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Breast Reconstruction

Breast Reconstruction - Midtown New York City, NY

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Overview

Modern surgical technology makes it possible to construct a natural-looking breast after a mastectomy (breast removal) for cancer or other diseases. Breast reconstruction surgery is commonly begun, and sometimes completed, immediately following a mastectomy, so that the patient wakes with a new breast mound instead of no breast at all. Alternatively, reconstruction may begin years after the mastectomy. The reconstruction itself consists of multiple operations, the first of which involves creation of the breast mound and is performed during or after mastectomy in a hospital under general anesthesia. Later surgeries, if necessary, may be done in the hospital or an outpatient facility, with either general or local anesthesia.There are several ways to reconstruct the breast, both with and without implants. Dr. Dana Khuthaila, a plastic surgeon in New York City, will explain each method and help her patients feel confident and comfortable when making this important decision.

Things to Consider

During your first consultation to discuss reconstruction surgery, it is important to disclose where you are in the treatment process and which cancer surgeon is treating you, as well as provide any necessary pathology reports. The reconstruction process may take place in multiple steps if the breast tissue needs to be stretched to make room for implants. This discovery phase will help guide the reconstruction process so patients end up with a new breast that is the size, shape and look they want.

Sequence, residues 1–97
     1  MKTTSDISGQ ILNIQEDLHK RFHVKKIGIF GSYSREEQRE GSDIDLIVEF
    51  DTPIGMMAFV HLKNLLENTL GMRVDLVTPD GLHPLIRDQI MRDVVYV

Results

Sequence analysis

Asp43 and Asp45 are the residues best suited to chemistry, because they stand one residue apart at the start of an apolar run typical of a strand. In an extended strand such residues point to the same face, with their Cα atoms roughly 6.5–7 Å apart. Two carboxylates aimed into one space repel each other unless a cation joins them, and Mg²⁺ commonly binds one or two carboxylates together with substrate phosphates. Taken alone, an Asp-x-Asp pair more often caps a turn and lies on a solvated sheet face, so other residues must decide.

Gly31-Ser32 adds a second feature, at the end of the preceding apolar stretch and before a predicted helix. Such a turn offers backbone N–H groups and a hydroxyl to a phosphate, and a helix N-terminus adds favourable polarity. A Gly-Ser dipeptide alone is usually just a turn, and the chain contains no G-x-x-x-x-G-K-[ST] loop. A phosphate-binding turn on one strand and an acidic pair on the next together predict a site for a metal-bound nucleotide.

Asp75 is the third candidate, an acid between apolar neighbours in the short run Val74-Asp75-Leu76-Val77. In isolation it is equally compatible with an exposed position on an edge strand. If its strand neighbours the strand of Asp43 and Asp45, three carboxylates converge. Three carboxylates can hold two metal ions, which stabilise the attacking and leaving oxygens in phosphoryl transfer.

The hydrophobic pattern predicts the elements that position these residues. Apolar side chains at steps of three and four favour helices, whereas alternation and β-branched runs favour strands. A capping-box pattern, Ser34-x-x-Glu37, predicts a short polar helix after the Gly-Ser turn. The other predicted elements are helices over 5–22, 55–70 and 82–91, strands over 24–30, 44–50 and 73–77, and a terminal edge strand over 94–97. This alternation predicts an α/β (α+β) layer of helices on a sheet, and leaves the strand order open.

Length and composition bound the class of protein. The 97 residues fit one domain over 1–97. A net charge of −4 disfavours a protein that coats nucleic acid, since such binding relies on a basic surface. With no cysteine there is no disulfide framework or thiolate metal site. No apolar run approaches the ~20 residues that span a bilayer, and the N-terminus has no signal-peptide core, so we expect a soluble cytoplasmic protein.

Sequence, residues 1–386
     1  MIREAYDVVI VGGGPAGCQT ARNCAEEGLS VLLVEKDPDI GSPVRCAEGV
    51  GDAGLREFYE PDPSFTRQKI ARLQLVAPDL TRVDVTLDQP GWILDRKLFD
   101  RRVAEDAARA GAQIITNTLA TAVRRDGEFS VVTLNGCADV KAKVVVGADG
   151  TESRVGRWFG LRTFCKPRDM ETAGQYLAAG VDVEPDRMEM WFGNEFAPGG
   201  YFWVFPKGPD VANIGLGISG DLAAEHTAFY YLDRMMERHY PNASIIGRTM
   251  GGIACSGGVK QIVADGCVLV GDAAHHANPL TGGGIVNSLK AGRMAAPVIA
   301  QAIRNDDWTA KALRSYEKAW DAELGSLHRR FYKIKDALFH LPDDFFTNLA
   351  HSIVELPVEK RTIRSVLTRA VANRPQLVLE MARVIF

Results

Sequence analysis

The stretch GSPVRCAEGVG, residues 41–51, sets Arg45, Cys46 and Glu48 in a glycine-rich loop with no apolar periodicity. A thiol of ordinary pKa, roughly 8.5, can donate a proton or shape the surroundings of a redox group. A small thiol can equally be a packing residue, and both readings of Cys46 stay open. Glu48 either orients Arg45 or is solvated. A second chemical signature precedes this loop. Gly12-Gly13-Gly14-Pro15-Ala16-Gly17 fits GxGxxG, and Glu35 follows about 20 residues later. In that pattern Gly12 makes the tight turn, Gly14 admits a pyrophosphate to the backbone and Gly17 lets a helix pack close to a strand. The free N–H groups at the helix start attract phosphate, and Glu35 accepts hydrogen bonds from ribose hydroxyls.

Surgical Technique

Each reconstruction technique will be tailored according to the patient’s physical health, aesthetic goals, and personal preferences. There are many factors playing into the approach that will be taken. The ultimate goal is to ensure the patient is healthy and happy with their final breast results.

There are two primary categories of breast reconstruction techniques:

  • Procedures that involve using a breast implant
  • Procedures that are autologous (use the patient’s own body’s tissue to reconstruct and recreate the breast)

Reconstruction With Implants

Breast reconstruction using silicone or saline implants is a common approach that generally starts with the use of a tissue expander to help form a suitable pocket for an implant. The expander may be inserted after the mastectomy procedure or during the same operative session. Over the course of several months, the expander will slowly be enlarged using a sterile solution injected through a port residing under the skin. During the scheduled reconstruction surgery, the expanders are removed and replaced with permanent implants.

A single-stage implant (SSI) breast reconstruction surgery is performed at the same time as the patient's mastectomy. This "one and done" approach minimizes the patient's total recovery time, office visits, and allows a better preservation of the nipple and areola.

Autologous Reconstruction